The average person might recall Simple Minds for their hit pop song "Don't You (Forget about Me)" from "The Breakfast Club" movie soundtrack. While the more arduous audiophile possibly remembers the band's vigorously epic sound from their numerous albums during the Eighties.
Well, after six years of inactivity, Simple Minds have returned with some recordings of particular note.
SIMPLE MINDS: Neon Lights (CD on Eagle Records)
This release from 2001 features 50 minutes of powerful and sultry pop music. More accurately: this is a CD of cover songs, but hardly a normal example of that sort of thing. For the band has chosen songs that might be rather obscure for the average audience, although these classic sonic milestones undeniably defined the underground heyday of what would evolve into Eighties popular culture.
Indeed, the band's choices will befuddle the mass market while delighting those who have a fondness for that period. The song line-up is: Van Morrison's "Gloria", David Bowie's "The Man who Sold the World", Pete Shelley's "Homosapien", Patti Smith's "Dancing Barefoot", Kraftwerk's "Neon Lights", the Doors' "Hello, I Love You", Echo and the Bunnymen's "Bring on the Dancing Horses", Neil Young's "The Needle and the Damage Done", Roxy Music's "For Your Pleasure", the Velvet Underground's "All Tomorrow's Parties", the Human League's "Boiled Alive", and Joy Division's "Love Will Tear Us Apart". Quite an eclectic array, eh?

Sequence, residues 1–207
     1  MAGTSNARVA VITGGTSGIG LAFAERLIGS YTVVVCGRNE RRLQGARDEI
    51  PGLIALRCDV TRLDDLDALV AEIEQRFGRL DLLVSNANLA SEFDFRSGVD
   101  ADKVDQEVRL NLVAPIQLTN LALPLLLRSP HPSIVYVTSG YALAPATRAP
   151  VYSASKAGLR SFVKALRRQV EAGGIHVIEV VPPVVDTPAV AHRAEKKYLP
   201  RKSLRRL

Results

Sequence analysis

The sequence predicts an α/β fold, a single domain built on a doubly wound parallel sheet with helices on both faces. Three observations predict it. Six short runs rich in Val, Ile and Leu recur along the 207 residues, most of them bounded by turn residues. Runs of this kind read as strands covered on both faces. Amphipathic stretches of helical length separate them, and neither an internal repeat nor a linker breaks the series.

Imagine these undeniably historic tracks delivered in Simple Minds' signature style, given momentous proportions and delivered with stunning command. Listening to this CD will fill your lungs with escalating rapture as you continue to take in volumes of astounded oxygen without pausing to release a fraction of a breath. Even should you succeed in exhaling, the music will maintain a headiness that resounds inside your brain, evoking grandness and regal altitudes. Even the staunchest individual can expect to swoon.
SIMPLE MINDS: Cry (CD on Eagle Records)
Released in 2002, this CD offers 48 minutes of momentous rock, all original material created by the band (which now consists of original band members Jim Kerr and Charlie Burchill with newcomers Gordy Goudie, E Pat Lego, Dino Maggiorana, and Mark Kerr).
Expect crashing drums and wailing guitars and sultry keyboards and rumbling bass. And you can depend on Jim Kerr's demonstrative vocals, a voice with quite distinctive timbre and command. Each of these elements fuse into an explosive dose of heroic rock, the type of music that scrapes the ceiling of heaven with its irrepressible ascent.
The lyrical topic explored by these songs is generally the impact of relationships at their emotional pinnacle.
One of the things that has always defined Simple Minds' music is the band's severe predilection for epic grandeur, taking each song and elevating it to the stature of immeasurable majesty. This tendency is vividly evident on this release.
There's a twelve-minute CD EP entitled "Cry" that features: the album's title song; "Lead the Blind", a tasty kick-ass non-LP track; and a Vincent Clarke remix of "Homosapien" (the original Simple Minds version of which comes from the band's "Neon Lights" cover album).
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